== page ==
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This work focuses on the production of F-T diesel from wood biomass, considering three different systems: production of wood pellets, bioslurry via fast pyrolysis, and use of untreated biomass.
This study aims to find the most energy efficient way in which the wood biomass can be transformed into synthetic diesel, and the importance of every step taking part in the entire system. The assessment of these routes considers the whole chain: extraction of biomass, transport of raw material to a local plant, pre-treatment if necessary, transport to the central gasification plant, gasification process and Fischer-Tropsch synthesis.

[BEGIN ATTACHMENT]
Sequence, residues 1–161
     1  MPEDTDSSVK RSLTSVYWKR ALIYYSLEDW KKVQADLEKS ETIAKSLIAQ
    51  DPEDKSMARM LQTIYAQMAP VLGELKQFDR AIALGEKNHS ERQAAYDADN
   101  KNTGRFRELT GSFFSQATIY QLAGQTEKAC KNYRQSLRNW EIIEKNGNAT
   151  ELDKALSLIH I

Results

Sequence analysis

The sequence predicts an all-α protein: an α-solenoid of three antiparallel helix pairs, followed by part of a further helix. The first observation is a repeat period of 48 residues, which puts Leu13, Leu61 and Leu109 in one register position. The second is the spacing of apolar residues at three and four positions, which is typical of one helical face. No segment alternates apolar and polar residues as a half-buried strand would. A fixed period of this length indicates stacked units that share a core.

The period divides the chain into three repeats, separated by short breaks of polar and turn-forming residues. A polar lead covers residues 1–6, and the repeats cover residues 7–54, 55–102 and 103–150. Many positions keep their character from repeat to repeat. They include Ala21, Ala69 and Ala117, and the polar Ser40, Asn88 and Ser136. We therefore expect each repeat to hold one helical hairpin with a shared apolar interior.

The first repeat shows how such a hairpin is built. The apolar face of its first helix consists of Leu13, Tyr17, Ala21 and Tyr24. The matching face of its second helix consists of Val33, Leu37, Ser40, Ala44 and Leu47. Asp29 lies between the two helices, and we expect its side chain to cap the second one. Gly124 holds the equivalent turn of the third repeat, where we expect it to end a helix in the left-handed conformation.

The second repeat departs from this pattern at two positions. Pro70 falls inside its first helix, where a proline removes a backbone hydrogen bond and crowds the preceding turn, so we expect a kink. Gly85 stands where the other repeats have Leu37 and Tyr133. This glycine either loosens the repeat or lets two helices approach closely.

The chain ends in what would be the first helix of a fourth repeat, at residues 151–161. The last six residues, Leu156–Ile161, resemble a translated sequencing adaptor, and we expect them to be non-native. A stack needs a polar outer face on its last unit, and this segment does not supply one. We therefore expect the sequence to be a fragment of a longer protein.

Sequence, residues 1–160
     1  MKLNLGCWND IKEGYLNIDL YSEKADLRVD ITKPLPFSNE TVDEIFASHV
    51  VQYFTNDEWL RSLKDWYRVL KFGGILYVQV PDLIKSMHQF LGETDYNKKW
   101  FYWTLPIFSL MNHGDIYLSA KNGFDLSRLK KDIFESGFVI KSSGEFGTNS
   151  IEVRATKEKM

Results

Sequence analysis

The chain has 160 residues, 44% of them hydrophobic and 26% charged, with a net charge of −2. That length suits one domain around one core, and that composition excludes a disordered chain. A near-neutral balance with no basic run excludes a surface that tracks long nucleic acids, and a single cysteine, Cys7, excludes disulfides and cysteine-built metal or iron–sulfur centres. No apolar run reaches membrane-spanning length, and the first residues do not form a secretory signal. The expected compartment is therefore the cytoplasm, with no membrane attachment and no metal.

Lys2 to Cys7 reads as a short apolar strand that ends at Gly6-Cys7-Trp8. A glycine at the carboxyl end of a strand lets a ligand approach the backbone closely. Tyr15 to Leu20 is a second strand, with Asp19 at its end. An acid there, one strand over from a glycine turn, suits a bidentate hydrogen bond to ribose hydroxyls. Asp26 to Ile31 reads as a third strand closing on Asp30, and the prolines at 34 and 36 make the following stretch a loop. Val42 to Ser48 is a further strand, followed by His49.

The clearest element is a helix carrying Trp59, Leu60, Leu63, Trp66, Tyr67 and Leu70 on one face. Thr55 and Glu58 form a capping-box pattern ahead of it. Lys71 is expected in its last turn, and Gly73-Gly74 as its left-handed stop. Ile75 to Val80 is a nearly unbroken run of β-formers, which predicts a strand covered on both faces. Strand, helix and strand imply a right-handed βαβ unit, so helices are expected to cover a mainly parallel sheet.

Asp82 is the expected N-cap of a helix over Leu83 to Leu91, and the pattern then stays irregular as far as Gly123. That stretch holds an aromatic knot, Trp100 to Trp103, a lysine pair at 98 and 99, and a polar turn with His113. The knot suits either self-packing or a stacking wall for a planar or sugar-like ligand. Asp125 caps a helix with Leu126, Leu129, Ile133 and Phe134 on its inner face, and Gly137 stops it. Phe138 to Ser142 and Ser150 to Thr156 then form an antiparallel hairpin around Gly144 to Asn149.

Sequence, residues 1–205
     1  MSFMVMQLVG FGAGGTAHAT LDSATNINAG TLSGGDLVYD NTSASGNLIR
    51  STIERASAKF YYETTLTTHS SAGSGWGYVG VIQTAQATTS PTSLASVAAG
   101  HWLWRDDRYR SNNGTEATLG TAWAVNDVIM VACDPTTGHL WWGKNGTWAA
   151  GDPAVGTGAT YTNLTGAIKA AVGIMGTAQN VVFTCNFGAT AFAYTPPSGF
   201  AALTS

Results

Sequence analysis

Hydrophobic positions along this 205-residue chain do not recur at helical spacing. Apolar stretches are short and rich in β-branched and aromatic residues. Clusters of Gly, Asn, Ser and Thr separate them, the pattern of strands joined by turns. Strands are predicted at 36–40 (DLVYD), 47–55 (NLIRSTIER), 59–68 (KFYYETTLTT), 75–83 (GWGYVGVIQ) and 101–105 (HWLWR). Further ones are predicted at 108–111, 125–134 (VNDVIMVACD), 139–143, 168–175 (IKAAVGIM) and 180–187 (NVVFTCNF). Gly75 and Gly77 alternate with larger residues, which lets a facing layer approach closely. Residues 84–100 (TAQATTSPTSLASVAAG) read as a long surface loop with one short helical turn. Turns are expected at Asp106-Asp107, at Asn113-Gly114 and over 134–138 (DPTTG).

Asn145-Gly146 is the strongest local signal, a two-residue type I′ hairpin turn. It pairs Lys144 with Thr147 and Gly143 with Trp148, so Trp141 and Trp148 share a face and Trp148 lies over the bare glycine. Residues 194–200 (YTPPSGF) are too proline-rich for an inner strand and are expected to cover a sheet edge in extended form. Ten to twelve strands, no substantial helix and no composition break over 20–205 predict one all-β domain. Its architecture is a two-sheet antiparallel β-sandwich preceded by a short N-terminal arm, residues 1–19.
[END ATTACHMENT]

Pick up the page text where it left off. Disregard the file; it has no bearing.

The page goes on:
The three BTL routes are compared by means of Primary Energy Factors (PEF). In order to obtain reliable results, the transport distance from the local plant to the central gasification plant and the moisture content of biomass have been modified. Primary energy factors, only taking into account the non-renewable part, have also been calculated.
The results show that gasification process and Fischer-Tropsch synthesis are the decisive steps. At the moment, the use of untreated biomass seems to be the best option in spite of the high transport energy. However, when the moisture content is high (about 60%) and only the non-renewable part is considered then, the second route, which is based on bioslurry production, is the most energy efficient.
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